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Telemachus, Athena disguised as Mentor, and the crew reach Pylos, the capital of Nestor's kingdom. They are greeted at the seashore by Nestor and his sons, who are performing a sacrifice to the gods. Telemachus introduces himself as Odysseus' son and asks for news of his father. Nestor praises Odysseus and relates how the heroes of Troy went their separate ways after a dispute between Agamemnon, the leader of the expedition, and Menelaus, his brother, over whether they should sail for home immediately or stay and make sacrifices to the gods. Odysseus had originally sailed for home with Nestor and Menelaus, but after a dispute decided to rejoin Agamemnon, whereupon Nestor lost contact with him.
Nestor then tells the stories of the return home of various heroes, including Agamemnon and Menelaus. Agamemnon was murdered upon his return home by Aegisthus, his wife's lover, and Nestor praises Orestes, Agamemnon's son, who avenges his father's murder by killing Aegisthus. Telemachus wishes to have similar strength so that he might take vengeance on his mother's suitors. Nestor suggests that Telemachus go to Sparta to speak to Menelaus, who, having only recently returned home, may have some more recent news of Odysseus' whereabouts.
After the stories of Agamemnon and Menelaus are told and libations poured to the gods, Athena-Mentor leaves for the ship in the semblance of a sea-eagle, while Telemachus is taken to Nestor's house. He sleeps there comfortably and the next morning is given a chariot to leave for Sparta with Peisistratus, Nestor's youngest son, as companion. He leaves only after Nestor has performed another sacrifice to Athena. They reach Pherae, stay there for the night, and the next day drive onwards once again.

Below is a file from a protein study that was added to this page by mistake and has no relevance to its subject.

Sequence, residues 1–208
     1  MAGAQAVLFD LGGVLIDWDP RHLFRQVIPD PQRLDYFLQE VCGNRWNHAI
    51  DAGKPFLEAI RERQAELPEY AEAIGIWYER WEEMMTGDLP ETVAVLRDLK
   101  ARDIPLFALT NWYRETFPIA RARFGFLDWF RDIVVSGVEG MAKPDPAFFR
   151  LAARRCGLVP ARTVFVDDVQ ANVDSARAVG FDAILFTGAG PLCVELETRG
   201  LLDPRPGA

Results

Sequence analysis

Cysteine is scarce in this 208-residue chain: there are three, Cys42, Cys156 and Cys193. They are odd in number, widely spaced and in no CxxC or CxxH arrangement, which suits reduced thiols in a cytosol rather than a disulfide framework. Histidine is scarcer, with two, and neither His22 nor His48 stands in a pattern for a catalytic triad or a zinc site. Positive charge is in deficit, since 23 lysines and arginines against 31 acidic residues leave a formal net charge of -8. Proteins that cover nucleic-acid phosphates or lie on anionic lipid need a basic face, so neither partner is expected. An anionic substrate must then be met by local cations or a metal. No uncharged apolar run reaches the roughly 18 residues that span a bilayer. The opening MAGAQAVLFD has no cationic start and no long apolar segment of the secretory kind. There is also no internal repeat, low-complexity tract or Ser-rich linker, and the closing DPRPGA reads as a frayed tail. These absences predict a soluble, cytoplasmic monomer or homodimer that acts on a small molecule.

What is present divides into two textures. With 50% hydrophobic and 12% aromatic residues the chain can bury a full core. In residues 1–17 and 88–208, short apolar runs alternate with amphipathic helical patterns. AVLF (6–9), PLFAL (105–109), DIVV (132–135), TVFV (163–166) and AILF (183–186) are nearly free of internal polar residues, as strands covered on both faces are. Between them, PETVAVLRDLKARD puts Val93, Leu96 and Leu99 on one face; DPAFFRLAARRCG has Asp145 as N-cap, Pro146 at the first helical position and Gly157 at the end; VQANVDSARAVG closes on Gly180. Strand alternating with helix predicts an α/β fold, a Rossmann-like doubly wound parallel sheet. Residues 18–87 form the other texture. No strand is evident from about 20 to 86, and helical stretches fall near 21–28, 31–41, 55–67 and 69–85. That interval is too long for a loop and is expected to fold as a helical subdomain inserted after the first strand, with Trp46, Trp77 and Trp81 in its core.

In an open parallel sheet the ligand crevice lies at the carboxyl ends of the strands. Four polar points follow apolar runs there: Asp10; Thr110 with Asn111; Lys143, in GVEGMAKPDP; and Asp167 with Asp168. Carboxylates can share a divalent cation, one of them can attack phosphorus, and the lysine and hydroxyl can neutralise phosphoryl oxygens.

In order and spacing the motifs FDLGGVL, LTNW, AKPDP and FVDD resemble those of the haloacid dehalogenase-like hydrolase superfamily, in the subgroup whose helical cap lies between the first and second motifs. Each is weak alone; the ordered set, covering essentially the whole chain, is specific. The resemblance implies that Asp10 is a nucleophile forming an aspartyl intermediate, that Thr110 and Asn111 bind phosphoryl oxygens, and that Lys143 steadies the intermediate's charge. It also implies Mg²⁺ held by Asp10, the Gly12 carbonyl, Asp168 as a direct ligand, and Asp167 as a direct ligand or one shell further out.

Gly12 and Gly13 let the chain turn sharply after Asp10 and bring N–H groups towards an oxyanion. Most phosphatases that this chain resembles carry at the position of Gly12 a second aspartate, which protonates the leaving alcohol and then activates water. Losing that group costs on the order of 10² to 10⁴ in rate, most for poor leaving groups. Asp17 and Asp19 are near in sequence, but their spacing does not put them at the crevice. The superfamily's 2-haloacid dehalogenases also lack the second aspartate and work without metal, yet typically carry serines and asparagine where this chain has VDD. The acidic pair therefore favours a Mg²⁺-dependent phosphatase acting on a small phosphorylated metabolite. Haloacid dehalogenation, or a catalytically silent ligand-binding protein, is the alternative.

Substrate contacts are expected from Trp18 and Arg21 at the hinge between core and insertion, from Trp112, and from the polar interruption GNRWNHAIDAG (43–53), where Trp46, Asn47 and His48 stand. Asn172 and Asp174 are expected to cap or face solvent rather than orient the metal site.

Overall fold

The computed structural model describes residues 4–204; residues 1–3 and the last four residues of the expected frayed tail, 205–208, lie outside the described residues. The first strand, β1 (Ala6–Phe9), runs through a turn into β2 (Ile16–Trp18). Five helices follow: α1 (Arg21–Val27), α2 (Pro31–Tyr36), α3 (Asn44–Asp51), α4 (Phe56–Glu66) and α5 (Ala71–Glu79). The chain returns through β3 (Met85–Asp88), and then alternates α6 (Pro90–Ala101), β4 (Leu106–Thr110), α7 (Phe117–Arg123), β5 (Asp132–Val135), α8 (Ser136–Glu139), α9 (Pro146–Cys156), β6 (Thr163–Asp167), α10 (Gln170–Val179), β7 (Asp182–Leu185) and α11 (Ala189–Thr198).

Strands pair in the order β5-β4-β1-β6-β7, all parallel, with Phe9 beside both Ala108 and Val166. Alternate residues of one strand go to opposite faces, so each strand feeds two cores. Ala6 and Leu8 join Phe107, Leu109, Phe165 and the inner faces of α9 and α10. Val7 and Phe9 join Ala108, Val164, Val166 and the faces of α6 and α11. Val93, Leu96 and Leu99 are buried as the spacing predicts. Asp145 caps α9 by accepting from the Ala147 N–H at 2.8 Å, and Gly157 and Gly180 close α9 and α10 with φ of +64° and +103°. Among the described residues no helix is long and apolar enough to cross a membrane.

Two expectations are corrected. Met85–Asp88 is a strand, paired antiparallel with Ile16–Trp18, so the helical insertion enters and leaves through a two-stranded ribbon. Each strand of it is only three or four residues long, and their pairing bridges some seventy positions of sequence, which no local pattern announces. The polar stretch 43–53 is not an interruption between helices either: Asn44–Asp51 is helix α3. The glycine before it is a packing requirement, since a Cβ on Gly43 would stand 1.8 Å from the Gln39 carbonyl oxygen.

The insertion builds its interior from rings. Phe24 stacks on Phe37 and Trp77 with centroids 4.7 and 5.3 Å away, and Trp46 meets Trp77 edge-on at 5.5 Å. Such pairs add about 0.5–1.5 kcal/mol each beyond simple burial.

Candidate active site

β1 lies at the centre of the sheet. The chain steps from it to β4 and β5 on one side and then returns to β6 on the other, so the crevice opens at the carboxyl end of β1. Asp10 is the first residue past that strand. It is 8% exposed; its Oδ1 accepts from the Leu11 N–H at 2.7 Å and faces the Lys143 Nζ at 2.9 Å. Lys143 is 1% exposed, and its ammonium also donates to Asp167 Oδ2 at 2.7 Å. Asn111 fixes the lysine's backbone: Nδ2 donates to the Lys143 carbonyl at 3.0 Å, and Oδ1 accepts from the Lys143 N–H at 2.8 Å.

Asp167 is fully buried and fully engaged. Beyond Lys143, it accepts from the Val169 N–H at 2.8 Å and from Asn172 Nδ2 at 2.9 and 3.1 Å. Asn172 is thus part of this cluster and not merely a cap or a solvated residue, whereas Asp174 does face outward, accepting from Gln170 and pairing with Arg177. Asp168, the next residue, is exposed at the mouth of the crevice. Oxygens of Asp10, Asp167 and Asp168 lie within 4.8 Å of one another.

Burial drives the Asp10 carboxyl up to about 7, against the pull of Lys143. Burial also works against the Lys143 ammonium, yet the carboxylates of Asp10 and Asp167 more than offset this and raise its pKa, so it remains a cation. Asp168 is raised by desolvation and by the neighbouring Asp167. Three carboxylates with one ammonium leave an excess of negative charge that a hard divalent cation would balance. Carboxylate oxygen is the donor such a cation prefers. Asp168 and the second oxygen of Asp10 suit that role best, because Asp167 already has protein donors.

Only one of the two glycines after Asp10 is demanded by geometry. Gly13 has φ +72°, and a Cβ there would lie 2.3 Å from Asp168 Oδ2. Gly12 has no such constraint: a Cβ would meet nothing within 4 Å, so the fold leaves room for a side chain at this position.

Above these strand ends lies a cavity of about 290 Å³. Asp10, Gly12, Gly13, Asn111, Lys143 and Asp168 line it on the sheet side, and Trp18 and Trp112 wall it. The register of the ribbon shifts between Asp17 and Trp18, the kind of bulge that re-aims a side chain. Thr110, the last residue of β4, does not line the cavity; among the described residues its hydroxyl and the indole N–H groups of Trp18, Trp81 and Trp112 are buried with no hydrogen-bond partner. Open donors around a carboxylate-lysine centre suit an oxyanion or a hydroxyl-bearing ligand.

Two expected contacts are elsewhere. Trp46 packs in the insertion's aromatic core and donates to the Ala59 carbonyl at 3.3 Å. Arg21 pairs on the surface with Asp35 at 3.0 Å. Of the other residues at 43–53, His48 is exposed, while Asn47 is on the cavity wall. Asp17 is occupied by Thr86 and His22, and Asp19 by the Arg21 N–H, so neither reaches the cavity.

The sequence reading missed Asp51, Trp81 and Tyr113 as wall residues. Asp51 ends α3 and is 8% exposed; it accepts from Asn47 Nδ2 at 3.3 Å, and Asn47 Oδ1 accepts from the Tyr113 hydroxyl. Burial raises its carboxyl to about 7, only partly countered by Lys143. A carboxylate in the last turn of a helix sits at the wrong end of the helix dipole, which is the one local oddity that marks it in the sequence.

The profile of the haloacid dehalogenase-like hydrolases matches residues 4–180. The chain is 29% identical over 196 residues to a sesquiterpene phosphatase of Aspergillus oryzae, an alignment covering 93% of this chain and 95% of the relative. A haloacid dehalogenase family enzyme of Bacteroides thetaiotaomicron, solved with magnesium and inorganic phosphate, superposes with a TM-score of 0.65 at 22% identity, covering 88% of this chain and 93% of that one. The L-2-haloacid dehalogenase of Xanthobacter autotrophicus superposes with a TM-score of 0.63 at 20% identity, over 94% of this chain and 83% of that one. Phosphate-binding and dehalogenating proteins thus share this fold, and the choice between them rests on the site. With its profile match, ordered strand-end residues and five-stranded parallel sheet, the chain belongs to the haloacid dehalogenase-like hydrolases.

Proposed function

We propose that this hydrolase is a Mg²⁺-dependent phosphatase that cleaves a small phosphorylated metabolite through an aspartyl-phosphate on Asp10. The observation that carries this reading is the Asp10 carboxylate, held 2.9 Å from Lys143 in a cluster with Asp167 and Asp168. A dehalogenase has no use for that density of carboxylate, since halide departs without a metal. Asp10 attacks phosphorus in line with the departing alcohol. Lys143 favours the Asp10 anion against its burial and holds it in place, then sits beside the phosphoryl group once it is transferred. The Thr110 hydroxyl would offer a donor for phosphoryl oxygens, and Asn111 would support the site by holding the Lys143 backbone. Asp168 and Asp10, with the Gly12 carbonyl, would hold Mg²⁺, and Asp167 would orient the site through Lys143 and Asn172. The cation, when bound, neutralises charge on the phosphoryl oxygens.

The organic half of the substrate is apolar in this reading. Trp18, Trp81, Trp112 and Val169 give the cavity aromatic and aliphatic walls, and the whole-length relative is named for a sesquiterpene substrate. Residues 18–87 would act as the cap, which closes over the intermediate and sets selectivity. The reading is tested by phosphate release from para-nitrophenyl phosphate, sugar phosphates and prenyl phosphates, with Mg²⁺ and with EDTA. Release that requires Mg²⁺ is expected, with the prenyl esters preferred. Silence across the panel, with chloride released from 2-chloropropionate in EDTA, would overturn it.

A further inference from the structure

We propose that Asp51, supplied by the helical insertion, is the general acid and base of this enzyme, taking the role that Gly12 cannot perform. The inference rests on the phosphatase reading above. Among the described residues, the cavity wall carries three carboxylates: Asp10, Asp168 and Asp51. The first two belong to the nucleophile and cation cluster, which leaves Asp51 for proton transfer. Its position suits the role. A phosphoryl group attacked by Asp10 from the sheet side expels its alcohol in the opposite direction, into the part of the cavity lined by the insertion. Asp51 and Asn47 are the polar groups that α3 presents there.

The Odyssey serves as a sequel to The Iliad in several ways. The Trojan War lies in the background as the reader learns about Odysseus and Ithaca. In this Book, Nestor talks about the war, and the large canvas of an epic comes alive with the mention of other heroes and events. Odysseus' valor obtains a special meaning for Telemachus when he hears it praised by Nestor, who has been a friend and companion of his father in war. These stories provide Telemachus with the inspiration to mature and act out his role as a hero.
Nestor is garrulous, generous, helpful, and wise. He has no precise information about Odysseus' fate but is able to relate the stories of Agamemnon's and Menelaus' return in great detail. His grand sacrifice to Athena when he realizes that it is she disguised as Mentor is indicative of the importance of the need to please the gods. The role of Athena deserves a special mention here. It is she who helps Telemachus to introduce himself in an articulate manner to Nestor and his people. And it is she who reminds him that a god can bring a man home safe even from afar. She helps him now as she had helped Odysseus during the Trojan War.
The details of the sacrifices performed contribute to the vivid portrayal of the life and customs of the ancient Greeks. Mention of where Telemachus slept and how he was bathed accounts for a controlling realism that gives the poem much of its special flavor. There is a certain quiet poetry to these domestic scenes that makes The Odyssey familiar and friendly.